Different adjuvants have been used to formulate anti-Haemonchus vaccines in the past, mainly including aluminium-based adjuvant (aluminium hydroxide, Alhydrogel®, InvivoGen, San Diego, CA, USA and Rehydragel®, Vertellus, Indianapolis, IN, USA), complete and incomplete Freund’s adjuvant, dimethyldioctadecylammonium (DDA) and saponin-based adjuvant (Quil A®, InvivoGen, USA). Bacterial lipopolysaccharide (endotoxin) and extracts of insect cell and C. elegans were also used as a supplement in some studies, which didn’t seem to significantly increase the efficacy [65,108]. In a study on the effect of adjuvants, aluminium hydroxide mixed with the somatic antigen rHc23 (200 µg/dose) delivered a better efficacy with 71.0% ± 14.3% reduction of worm burden in comparison to Quil A® mixed with the same antigen [109]. Native hidden antigens, H11 and H-gal-GP antigens, were initially mixed with complete and incomplete Freund’s adjuvant and tested in clinical trials in the early 1990s [57,79], which resulted in promising reductions of FECs and worm burden. The high efficacy is reproducible when replacing Freund’s adjuvant with saponin-based adjuvant and the commercially available vaccine Barbervax® contains 1 mg Quil A® [66,110]. Interestingly, aluminium hydroxide preferentially induces Th2 immune responses characterised by IgG1, IgE and eosinophilia, whereas Freund’s adjuvant and saponin induce strong Th1 immune response, featuring high IFN-γ, IgG2 and NK cell activities against intracellular viruses and bacteria infections. Therefore, different immune components may involve in rHc23-induced immunity in comparison to Barbervax®-induced immunity.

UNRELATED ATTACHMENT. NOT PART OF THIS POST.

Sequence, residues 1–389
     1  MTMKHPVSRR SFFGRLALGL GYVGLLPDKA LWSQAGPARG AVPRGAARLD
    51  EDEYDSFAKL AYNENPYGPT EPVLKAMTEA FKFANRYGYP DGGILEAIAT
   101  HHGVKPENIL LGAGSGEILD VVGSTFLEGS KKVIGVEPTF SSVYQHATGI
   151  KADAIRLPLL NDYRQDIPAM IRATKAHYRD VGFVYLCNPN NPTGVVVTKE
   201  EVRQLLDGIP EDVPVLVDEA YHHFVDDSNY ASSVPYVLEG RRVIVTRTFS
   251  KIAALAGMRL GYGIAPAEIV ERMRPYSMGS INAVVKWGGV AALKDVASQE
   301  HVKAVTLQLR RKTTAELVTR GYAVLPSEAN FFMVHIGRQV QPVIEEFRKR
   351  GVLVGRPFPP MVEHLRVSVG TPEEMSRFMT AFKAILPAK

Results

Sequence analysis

Table 2. Data are extracted from selected vaccine trials in literatures. Changes in antibody, FEC and worm burden are relative to the control group in each trial. Abbreviations: NA not applicable, NS no significant differences, ND no data; DDA, dimethyldioctadecylammonium; LPS, lipopolysacharide; i.m., intramuscular injection; s.c., subcutaneous injection. * Antigen is supplied with plasmid DNA encoding caprine IL-2 (100 µg/dose).
Table 2. Data are extracted from selected vaccine trials in literatures. Changes in antibody, FEC and worm burden are relative to the control group in each trial. Abbreviations: NA not applicable, NS no significant differences, ND no data; DDA, dimethyldioctadecylammonium; LPS, lipopolysacharide; i.m., intramuscular injection; s.c., subcutaneous injection. * Antigen is supplied with plasmid DNA encoding caprine IL-2 (100 µg/dose).
AntigensAdjuvant and SupplementAnimal BreedAge and SexGroup SizeDosage
Number of VaccinationAdministration Route *Infection Dosage L3 LarvaeEfficacy Accessement
Antigen-Specific AntibodiesFEC ReductionWorm Burden ReductionReferences
native or recombiant antigens
whole ES antigensAlhydrogel®Zwartbles lamb3-month old5753s.c.10,000 to 12,000IgG↑, IgE↑, IgA↑, IgM↑89.0%54.0%[104]
native p26/23Freund’s adjuvantManchego lamb3.5 to 5-month ♀5503s.c., i.m.400IgG↑64.2%61.6%[77]
rHcp26/23Freund’s adjuvantManchego lamb3-month old ♀51003s.c., i.m.16,000IgG↑NSNS[63]
native Hc23aluminium hydroxideAssaf lamb 4–5 month old ♀71003s.c., i.m.15,000IgG↑70.67–85.64%67.17% to >86%[60]
rHc23aluminium hydroxideAssaf lamb5–6 month old ♀71003NA15,000IgG↑83.5%84.7%[64]
rHc23aluminium hydroxideManchego lamb6-month old ♀72003i.m.4000IgG↑82.37 ± 5.98%71.0 ± 14.3%[109]
rHc23Quil A®Manchego lamb6-month old ♀72003i.m.4000IgG↑74.58 ± 10.94%47.3 ± 35.4%
rHc23LPSEntrefino lambs5 to 6-month old ♀61004i.m.6*1000IgG↑43.3%45.5%[108]
rHc23LPSEntrefino lambs5 to 6-month old ♀71004i.m.6*2000IgG↑43.5%84.3%
native ES15/ES24DDATexel sheep8-month old1050–1003s.c.20,000IgG1↑72.9%82.2%[91]
native ES15/ES24DDATexel sheep3-month old450–1003s.c.10,000IgG1↑, IgA↑ND−34.4%[103]
native ES15/ES24DDATexel sheep9-month old1050–1003s.c.20,000IgG1↑, IgA↑ND82.2%
rES15/rES24DDA/insect cell extractTexel, Swifter and Zwart Bles9-month old7100 (cocktail)3s.c.5000IgG1↑49.0%65.0%[61]
native ES15/ES24DDATexel, Swifter and Zwart Bles9-month old71003s.c.5000IgG1↑57.0%70.0%
rH11-1insect cell extractMerino lamb5-month old ♀5300 (crude extract)2i.m15,000serum antibody↑ND29.0%[65]
rHcGST-H11-1insect cell extractMerino lamb5-month old ♀5300 (crude extract)2i.m15,000serum antibody↑ND20.0%